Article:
The Patience Stone review: a woman’s place
A beautiful and haunting Afghan film about love, devotion, and a woman’s “duty”; a remarkable feminist story from the unlikeliest place on the planet.
I’m “biast” (pro):
I’m “biast” (con): nothing
I have not read the source material
(what is this about? see my critic’s minifesto)
We don’t know where what we witness is occurring, but it is a place of sand and no running water, of mullahs and burqas, of battle raging nearby and grievously wounded soldiers. One of those soldiers (Hamidreza Javdan) lies comatose in his home, nursed by his much younger wife (Golshifteh Farahani: Body of Lies) to the degree that she is able. It’s getting more difficult now that the pharmacist refuses to give her, on credit, any more of the “serum” her husband needs — as a poor near-widow, her husband unable to support her or their small daughters, she is now destitute, and the pharmacist knows it. Driven almost to the end of her wits and her forbearance, she begins to tell all her secrets to her husband, things she would never, could never say to him if he were able to hear what she were saying. He becomes her “patience stone,” an object from Persian mythology that can absorb all her pain. Or can it? Afghan filmmaker Atiq Rahimi, working from his own novel, has made an extraordinarily beautiful and haunting film about love, devotion, and a woman’s “duty” in a place where a woman isn’t supposed to have anything else. But as the unnamed woman here reveals her private longings along with her secrets — and later, when she turns to her aunt (Hassina Burgan) for help, and we learn her aunt’s surprising secrets — this becomes a remarkable feminist story from the unlikeliest place on the planet, one that reminds us that no matter how hard men may try, they cannot deny women their own humanity.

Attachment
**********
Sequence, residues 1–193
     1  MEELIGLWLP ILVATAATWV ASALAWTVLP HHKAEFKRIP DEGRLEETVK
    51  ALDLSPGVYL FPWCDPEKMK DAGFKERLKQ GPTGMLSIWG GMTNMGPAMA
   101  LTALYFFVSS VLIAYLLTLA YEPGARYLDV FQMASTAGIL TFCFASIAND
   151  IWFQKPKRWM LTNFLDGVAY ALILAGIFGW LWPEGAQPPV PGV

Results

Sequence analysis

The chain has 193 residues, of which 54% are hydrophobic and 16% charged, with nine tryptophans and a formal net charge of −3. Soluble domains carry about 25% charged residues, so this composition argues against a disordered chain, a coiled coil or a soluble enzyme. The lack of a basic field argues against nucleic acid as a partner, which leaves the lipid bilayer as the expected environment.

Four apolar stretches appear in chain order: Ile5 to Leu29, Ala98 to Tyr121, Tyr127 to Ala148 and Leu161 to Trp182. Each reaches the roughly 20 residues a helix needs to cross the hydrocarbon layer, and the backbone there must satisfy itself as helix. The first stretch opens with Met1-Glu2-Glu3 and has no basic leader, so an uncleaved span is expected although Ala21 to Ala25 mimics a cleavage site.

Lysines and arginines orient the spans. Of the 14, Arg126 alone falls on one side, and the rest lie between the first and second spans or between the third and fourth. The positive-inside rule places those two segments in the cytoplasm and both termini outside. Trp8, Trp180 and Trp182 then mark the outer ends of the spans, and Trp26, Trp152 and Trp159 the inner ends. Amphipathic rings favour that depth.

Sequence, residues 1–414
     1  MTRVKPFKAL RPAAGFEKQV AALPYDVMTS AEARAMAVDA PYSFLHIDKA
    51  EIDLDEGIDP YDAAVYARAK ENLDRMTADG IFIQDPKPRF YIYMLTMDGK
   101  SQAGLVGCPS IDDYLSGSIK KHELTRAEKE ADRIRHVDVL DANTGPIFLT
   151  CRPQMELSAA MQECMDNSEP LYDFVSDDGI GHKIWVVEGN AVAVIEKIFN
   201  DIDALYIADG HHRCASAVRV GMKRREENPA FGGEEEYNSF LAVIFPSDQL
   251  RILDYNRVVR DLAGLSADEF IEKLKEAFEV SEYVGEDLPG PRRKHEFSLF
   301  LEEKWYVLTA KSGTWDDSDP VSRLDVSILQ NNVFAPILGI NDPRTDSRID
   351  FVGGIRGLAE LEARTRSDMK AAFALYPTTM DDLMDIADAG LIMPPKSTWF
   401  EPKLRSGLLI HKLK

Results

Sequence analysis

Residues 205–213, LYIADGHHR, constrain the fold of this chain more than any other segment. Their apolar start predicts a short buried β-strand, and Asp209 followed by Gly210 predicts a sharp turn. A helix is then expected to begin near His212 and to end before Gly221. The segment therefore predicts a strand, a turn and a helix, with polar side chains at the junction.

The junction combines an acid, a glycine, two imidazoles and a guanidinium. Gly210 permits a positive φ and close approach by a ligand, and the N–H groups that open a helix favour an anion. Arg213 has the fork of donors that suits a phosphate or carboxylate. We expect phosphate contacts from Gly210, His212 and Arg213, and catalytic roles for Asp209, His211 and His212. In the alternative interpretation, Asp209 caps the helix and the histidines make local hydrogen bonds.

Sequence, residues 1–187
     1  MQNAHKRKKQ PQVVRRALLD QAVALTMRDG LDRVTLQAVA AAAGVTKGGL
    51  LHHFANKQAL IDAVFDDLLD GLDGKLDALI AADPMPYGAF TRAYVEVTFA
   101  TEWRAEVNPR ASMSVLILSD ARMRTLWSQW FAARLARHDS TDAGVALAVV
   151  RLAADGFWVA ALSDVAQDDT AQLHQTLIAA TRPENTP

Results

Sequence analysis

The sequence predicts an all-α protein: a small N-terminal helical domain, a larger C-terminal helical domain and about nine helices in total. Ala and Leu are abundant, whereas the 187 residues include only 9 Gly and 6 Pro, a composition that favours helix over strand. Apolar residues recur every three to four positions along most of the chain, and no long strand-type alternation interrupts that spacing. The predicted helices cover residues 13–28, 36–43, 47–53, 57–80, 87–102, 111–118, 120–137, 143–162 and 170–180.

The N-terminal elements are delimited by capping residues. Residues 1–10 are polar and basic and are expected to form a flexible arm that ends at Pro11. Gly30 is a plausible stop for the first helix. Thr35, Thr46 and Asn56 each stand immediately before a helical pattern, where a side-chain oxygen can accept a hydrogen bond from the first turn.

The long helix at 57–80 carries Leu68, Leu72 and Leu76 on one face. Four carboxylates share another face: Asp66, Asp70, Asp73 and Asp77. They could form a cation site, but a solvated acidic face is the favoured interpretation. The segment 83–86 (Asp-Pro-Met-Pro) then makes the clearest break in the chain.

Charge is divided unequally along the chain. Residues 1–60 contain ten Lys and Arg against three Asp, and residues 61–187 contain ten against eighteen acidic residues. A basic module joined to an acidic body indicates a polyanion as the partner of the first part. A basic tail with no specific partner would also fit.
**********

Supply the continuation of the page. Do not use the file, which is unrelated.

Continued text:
The Patience Stone by Atiq Rahimi [Amazon U.S.] [Amazon Canada] [Amazon U.K.]